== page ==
Ver Angola


Angola is the African country with the most records of floods in the period 2010-2022

Angola, with 24 episodes of floods in the period 2010-2022, was the African country that most suffered the effects of this type of natural disaster, according to the most recent report by the Mo Ibrahim Foundation.


In the document, "The Road to COP27 – The example of Africa in the climate debate", released on Tuesday, it is mentioned that among the 10 African countries with the most records of floods, in the period 2010-2022, there is another Portuguese-speaking country. , Mozambique, with 16 episodes.

The 10 African countries with the most flood records are Angola (24), Kenya (22), Nigeria (21), Tanzania (21), Democratic Republic of Congo (20), Niger (19), Uganda (19), Mozambique ( 16), Somalia (16) and South Africa (16).

With regard to drought episodes in the same period, Kenya, with six records, leads the list, followed by Somalia (also with six), Mauritania (five), Ethiopia, Lesotho, Madagascar, Niger, South Africa and Zimbabwe (all with four) and Angola (three).

The report stresses that the impact of natural disasters on Africa is uneven.

South Africa is the only African country affected by five of the six types of extreme weather events analyzed (droughts, floods, landslide events, extreme temperatures, storms and wildfires).

Five African countries – Angola, Kenya, Niger, Somalia, South Africa – which have 13.9 percent of the continent's population, experienced droughts and floods in 2010-2022.

Kenya is the country most affected by droughts next to Somalia (six), as well as the second most affected by floods (22) and Angola is, as the report highlights, the country most affected by floods (24).

The Mo Ibrahim Foundation highlights that climate change exacerbates the internal displacement crisis in Africa, which it considers to have increased steadily since 2016.

"In 2020, 4.3 million people were recently displaced by natural disaster events, representing almost 40 percent of all new internal displacement that year," he notes.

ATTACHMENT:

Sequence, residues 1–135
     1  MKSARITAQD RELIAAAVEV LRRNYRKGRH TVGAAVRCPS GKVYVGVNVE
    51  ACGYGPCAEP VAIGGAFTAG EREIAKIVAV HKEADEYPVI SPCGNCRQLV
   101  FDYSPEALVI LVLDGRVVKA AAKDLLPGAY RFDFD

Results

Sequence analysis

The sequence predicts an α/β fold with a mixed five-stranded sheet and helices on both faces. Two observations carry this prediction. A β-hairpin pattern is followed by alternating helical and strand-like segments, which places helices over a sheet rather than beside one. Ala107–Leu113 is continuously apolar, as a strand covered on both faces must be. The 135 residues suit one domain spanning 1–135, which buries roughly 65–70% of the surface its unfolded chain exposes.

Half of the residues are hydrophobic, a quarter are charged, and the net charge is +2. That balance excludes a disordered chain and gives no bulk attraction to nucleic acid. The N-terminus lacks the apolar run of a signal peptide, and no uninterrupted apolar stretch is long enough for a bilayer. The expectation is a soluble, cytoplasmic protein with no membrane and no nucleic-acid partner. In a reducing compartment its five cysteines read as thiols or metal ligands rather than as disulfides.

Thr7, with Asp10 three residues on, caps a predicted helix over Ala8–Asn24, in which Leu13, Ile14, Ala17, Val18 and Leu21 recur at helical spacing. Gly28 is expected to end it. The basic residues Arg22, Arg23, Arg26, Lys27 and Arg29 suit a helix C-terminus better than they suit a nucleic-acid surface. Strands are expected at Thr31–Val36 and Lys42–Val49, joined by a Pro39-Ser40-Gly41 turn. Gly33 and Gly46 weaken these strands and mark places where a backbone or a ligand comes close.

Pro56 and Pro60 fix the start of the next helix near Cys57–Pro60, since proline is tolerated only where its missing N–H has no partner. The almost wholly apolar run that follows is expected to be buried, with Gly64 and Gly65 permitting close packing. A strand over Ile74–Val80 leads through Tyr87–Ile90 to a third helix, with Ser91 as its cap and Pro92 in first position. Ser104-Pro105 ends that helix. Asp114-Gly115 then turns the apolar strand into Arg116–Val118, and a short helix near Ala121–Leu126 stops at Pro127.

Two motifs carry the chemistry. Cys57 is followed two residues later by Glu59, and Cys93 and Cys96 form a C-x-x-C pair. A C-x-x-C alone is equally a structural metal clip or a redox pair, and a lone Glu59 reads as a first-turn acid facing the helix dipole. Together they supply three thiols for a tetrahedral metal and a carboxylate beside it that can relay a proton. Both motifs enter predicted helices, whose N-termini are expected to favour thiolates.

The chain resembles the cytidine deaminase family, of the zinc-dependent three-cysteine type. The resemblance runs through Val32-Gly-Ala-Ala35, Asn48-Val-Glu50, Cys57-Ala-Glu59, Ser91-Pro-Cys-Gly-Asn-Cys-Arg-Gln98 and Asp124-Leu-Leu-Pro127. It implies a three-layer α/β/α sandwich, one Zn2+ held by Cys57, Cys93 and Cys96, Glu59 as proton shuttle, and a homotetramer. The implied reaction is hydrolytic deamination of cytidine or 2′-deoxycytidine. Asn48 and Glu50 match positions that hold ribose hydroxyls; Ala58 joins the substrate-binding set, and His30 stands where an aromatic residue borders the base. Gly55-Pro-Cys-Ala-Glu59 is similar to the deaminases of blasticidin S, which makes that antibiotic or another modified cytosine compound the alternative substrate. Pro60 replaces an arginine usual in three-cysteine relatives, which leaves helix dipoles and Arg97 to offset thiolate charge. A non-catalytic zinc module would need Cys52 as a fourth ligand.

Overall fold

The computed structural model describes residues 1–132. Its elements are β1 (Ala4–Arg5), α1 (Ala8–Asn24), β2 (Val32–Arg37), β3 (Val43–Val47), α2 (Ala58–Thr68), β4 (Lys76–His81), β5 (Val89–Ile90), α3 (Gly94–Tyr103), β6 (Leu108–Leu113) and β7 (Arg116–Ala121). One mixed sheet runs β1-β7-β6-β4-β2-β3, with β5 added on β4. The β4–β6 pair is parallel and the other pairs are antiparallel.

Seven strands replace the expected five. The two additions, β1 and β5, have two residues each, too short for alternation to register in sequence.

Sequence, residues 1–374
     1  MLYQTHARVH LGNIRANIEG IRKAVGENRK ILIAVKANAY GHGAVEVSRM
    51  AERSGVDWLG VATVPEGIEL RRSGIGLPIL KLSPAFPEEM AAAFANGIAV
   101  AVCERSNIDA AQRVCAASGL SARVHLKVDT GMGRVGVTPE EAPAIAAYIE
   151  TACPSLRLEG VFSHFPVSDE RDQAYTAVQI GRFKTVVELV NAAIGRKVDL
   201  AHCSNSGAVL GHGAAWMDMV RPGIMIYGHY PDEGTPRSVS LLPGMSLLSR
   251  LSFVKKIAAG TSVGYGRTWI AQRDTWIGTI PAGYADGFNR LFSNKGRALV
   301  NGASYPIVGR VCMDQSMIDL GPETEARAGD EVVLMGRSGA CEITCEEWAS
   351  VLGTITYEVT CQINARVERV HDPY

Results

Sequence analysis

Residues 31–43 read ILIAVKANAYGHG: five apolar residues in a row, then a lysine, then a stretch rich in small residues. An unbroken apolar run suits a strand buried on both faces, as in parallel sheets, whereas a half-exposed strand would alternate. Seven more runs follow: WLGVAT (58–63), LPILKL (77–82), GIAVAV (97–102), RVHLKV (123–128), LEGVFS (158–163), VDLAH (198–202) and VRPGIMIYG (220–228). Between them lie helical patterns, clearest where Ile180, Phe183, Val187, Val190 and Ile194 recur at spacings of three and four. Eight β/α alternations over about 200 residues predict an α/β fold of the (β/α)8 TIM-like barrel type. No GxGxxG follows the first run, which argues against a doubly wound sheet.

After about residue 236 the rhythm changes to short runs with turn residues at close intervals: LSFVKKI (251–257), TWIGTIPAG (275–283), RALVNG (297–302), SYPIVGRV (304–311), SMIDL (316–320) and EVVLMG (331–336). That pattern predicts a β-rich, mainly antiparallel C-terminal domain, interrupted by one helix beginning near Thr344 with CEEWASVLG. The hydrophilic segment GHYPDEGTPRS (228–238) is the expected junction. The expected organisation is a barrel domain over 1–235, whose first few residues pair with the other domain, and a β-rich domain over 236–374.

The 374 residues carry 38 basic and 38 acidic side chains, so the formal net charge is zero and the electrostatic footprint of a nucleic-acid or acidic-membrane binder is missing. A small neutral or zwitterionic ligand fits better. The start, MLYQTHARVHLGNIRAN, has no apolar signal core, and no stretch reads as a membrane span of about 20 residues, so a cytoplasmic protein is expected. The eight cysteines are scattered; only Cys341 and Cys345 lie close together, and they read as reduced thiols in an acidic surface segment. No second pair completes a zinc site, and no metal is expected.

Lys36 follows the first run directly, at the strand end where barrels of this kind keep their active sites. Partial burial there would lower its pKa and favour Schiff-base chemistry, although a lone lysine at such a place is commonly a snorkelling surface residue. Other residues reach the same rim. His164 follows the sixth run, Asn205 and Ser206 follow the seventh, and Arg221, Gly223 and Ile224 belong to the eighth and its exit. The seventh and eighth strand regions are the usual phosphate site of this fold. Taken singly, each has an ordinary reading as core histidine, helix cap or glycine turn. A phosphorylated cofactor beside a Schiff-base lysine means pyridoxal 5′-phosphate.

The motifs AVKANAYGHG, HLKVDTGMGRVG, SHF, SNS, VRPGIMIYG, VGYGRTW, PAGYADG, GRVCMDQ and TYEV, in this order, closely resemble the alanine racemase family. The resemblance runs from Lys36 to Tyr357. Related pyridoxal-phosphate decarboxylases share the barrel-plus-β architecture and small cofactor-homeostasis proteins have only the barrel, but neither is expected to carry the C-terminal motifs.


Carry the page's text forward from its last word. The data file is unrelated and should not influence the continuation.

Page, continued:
“In nine African countries – Democratic Republic of Congo, Ethiopia, Kenya, Mozambique, Niger, Nigeria, Somalia, South Sudan and Sudan – at least one million people have been internally displaced by natural disasters since 2010,” he adds.

The document also underlines that the 10 most vulnerable countries on a global scale are African, with 20.1 percent of the continent's total population, and among these is Guinea-Bissau.

The 10 countries concerned are: Niger, Somalia, Guinea-Bissau, Chad, Sudan, Liberia, Mali, Democratic Republic of Congo, Eritrea and Uganda.

In the chapter entitled "Avoiding the resource curse", the report draws attention to the fact that, in several cases, "natural resource wealth has had an adverse impact on industrialization and development".

"Many countries rich in oil, gas and minerals have not been able to reach their full potential because of the so-called 'resource curse', with Angola, the Democratic Republic of Congo and Nigeria being frequently cited as examples", he warns.

According to the Mo Ibrahim Foundation, "there is a tendency for resource-dependent countries to become more authoritarian, more conflict-prone and less economically stable than similar resource-less countries."

Permita anúncios no nosso site


Parece que está a utilizar um bloqueador de anúncios
Utilizamos a publicidade para podermos oferecer-lhe notícias diariamente.